BG1.7

Anthropogenic disturbance of the nitrogen (N) cycle has more than doubled the amount of reactive N circulating in the biosphere. Exchange of nitrogen gases between land and atmosphere are strongly affecting Earth’s atmospheric composition, air quality, climate change and human health. This session seeks to improve our understanding on how global changes impact N biogeochemistry in terrestrial and aquatic ecosystems and what atmospheric interactions will be most important in influencing the climate. We seek to link microbiological nitrogen processes and surface nitrogen gases flux with ecosystem dynamics, air quality and atmospheric chemistry. We will cover fluxes of various nitrogen gases and the underlying transformation processes in soils and sediments, e.g., fixing of atmospheric dinitrogen, release of nitrous acid (HONO), nitric oxide (NO), nitrogen dioxide (NO2), nitrous oxide (N2O) and ammonia (NH3) as well as interactions with ozone, volatile organic compounds, free radicals as well as aerosols in the atmosphere, and further impact on air quality. Further, the interactions of N cycling with other element cycles (e.g., carbon, phosphorus) in ecosystems and terrestrial-aquatic linkages, and feedbacks to biodiversity loss and water pollution will be explored. We welcome a wide range of studies including methods development and application of new devices, observational, experimental, and modeling approaches.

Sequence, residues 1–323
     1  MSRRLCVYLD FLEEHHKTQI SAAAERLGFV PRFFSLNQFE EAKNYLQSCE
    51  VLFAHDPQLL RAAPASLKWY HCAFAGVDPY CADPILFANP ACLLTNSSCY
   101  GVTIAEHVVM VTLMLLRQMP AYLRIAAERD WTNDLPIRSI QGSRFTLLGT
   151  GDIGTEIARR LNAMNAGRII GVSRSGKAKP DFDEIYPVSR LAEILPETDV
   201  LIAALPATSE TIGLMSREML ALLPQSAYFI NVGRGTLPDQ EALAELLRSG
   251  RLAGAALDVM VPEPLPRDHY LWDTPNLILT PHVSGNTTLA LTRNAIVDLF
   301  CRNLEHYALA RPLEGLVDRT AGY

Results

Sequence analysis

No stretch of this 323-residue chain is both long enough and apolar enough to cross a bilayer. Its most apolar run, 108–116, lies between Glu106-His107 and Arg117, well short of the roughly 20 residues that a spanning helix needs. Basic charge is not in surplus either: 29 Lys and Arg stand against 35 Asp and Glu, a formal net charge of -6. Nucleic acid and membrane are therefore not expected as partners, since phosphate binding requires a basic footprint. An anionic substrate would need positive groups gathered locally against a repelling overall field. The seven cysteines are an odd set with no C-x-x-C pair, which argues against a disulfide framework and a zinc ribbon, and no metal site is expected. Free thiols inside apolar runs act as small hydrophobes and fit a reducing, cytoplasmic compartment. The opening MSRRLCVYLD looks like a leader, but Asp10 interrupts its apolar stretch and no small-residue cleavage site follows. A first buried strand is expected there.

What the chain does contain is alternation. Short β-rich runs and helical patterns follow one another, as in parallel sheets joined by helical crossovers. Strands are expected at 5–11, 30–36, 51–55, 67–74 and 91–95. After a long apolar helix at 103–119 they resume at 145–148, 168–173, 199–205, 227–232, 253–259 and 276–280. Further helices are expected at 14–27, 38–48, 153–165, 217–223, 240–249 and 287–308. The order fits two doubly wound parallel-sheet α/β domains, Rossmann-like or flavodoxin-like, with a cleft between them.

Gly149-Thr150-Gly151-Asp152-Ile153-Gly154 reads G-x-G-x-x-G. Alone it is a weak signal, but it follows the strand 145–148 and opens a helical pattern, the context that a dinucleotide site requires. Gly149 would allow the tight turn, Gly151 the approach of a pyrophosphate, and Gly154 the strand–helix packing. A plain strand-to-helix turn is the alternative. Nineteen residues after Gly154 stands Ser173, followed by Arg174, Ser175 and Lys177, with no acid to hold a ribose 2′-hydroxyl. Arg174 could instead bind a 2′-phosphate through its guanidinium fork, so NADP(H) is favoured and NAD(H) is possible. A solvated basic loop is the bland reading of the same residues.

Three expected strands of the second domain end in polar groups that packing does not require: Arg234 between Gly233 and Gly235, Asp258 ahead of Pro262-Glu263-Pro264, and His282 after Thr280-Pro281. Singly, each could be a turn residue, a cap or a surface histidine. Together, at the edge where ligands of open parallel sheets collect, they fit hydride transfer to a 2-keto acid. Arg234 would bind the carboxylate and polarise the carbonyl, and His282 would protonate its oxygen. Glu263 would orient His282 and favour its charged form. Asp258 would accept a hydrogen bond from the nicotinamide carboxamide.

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Convener: Dianming Wu | Co-conveners: Tuula Larmola, Ming Chang, Yuepeng Pan, Sari Juutinen, Sami Ullah
Orals
| Mon, 08 Apr, 08:30–12:30
 
Room 2.25
Posters
| Attendance Mon, 08 Apr, 16:15–18:00
 
Hall A
Anthropogenic disturbance of the nitrogen (N) cycle has more than doubled the amount of reactive N circulating in the biosphere. Exchange of nitrogen gases between land and atmosphere are strongly affecting Earth’s atmospheric composition, air quality, climate change and human health. This session seeks to improve our understanding on how global changes impact N biogeochemistry in terrestrial and aquatic ecosystems and what atmospheric interactions will be most important in influencing the climate. We seek to link microbiological nitrogen processes and surface nitrogen gases flux with ecosystem dynamics, air quality and atmospheric chemistry. We will cover fluxes of various nitrogen gases and the underlying transformation processes in soils and sediments, e.g., fixing of atmospheric dinitrogen, release of nitrous acid (HONO), nitric oxide (NO), nitrogen dioxide (NO2), nitrous oxide (N2O) and ammonia (NH3) as well as interactions with ozone, volatile organic compounds, free radicals as well as aerosols in the atmosphere, and further impact on air quality. Further, the interactions of N cycling with other element cycles (e.g., carbon, phosphorus) in ecosystems and terrestrial-aquatic linkages, and feedbacks to biodiversity loss and water pollution will be explored. We welcome a wide range of studies including methods development and application of new devices, observational, experimental, and modeling approaches.